"How Is The Temperature In Your Country?"
– exhibition

STGU Gallery
Foksal 11, Warsaw
10. 7. – 1. 9. 2010

The starting point for the project was an exercise, within Phd program at Warsaw Arts Academy, which consists of “an exhibition about my country.”

The very first association was the following quotation by Jacques Vaché in the Letter to Andre Bréton "Nothing kills a man as being obliged to represent a country."
Coming from Croatia, a country known for tourism and natural beauties, we have encountered a long list of well-known clichés, ranging from different enthusiastic expressions, such as What a beautiful country! Wonderland! Fantastic sea! Beautiful women! to very “original” questions, as the one that gives the title to the show, "How is the temperature in your country?" Those in turn lead to further questions, especially regarding the famous socialist Yugoslav past and the less “glorious” 90s. The detournement and translation of those common places lead to ironic and cynical reading of the “real” situation.

Dealing with the “real” situation of the post-socialist transitional society requires recognizing the inevitable nodes of conflict on the way to liberal capitalism, which lead to class differences, cultural, spiritual impoverishment, indifference, lack of solidarity, and lethargy… The impact of those ideological mutations on the urban space is one of its most striking effects, and it is very often visible to the naked eye.

The “real” situation in the city of Split is related to local businessman and city mayor Zeljko Kerum, who initiated many construction projects, focusing mainly on luxury tourism, shopping malls and housing estates. This new urban planning, driven by private and economic interests, ignores the artistic and historical heritage of the city, its cultural and social structures and needs.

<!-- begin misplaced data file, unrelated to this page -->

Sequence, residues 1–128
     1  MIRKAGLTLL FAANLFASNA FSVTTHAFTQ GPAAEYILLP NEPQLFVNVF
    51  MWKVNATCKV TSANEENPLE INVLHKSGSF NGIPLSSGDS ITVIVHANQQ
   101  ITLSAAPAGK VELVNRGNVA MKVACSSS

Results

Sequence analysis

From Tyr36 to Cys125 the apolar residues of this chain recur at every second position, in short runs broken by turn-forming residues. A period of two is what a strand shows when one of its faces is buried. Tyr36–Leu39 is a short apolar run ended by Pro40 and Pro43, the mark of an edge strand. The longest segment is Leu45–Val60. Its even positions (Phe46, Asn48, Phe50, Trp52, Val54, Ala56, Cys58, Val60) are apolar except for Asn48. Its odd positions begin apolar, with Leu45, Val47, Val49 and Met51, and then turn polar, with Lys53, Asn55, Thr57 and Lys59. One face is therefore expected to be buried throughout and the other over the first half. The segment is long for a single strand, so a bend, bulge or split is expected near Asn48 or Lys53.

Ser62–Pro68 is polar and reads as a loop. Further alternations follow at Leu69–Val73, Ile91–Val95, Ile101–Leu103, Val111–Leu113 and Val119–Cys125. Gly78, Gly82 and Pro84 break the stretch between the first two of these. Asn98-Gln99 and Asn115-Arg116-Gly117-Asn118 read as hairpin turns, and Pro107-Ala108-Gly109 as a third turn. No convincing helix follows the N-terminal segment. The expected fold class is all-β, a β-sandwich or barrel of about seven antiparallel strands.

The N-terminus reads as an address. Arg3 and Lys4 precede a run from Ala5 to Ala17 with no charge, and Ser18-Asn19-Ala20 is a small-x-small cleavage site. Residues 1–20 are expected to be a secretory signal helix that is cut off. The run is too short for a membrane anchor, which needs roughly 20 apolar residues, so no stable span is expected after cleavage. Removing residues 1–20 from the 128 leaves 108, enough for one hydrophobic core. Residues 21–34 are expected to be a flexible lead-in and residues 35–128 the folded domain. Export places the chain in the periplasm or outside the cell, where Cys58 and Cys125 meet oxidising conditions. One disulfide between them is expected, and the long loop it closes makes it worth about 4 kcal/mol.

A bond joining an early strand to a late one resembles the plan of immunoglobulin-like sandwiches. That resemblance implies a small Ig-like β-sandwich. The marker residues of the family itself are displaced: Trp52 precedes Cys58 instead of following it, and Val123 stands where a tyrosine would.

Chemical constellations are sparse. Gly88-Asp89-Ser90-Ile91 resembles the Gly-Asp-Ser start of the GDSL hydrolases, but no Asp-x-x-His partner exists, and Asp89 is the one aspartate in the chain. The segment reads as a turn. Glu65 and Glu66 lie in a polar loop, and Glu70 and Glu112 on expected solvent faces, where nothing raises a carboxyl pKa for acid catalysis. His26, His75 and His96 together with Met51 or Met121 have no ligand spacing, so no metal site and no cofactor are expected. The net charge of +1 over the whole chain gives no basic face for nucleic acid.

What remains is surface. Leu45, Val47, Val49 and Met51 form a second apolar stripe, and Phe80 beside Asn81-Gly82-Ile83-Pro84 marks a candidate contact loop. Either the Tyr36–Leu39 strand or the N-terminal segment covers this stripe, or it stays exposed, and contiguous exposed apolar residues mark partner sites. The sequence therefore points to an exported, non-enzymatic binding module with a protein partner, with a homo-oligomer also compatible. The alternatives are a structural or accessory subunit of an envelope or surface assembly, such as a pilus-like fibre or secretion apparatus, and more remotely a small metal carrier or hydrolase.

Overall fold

The lack of an urban constructive process in Split reflects the broader actual problem of “my country”, as well as the absence of public discussion and reflection about those changes. The Croatian philospher Boris Buden states: “The implications of these changes are very often so drastic that they question the fundamental values of modern society or even the very idea of society as such.”

Finally "How Is The Temperature In Your Country?" went into the direction of pointing, through visual materials, the urban transformation that happened in the last ten years in the city of Split, as well as the proliferation of visuals that are supposed to promote “The Mediterranean As It Once Was;” as we can read on the huge billboards in Warsaw in the peak of the tourist season. Unfortunately, the answer to "How is the temperature in your country?", is not to be found in the authentical Mediterranean landscape.

With Ana Janevski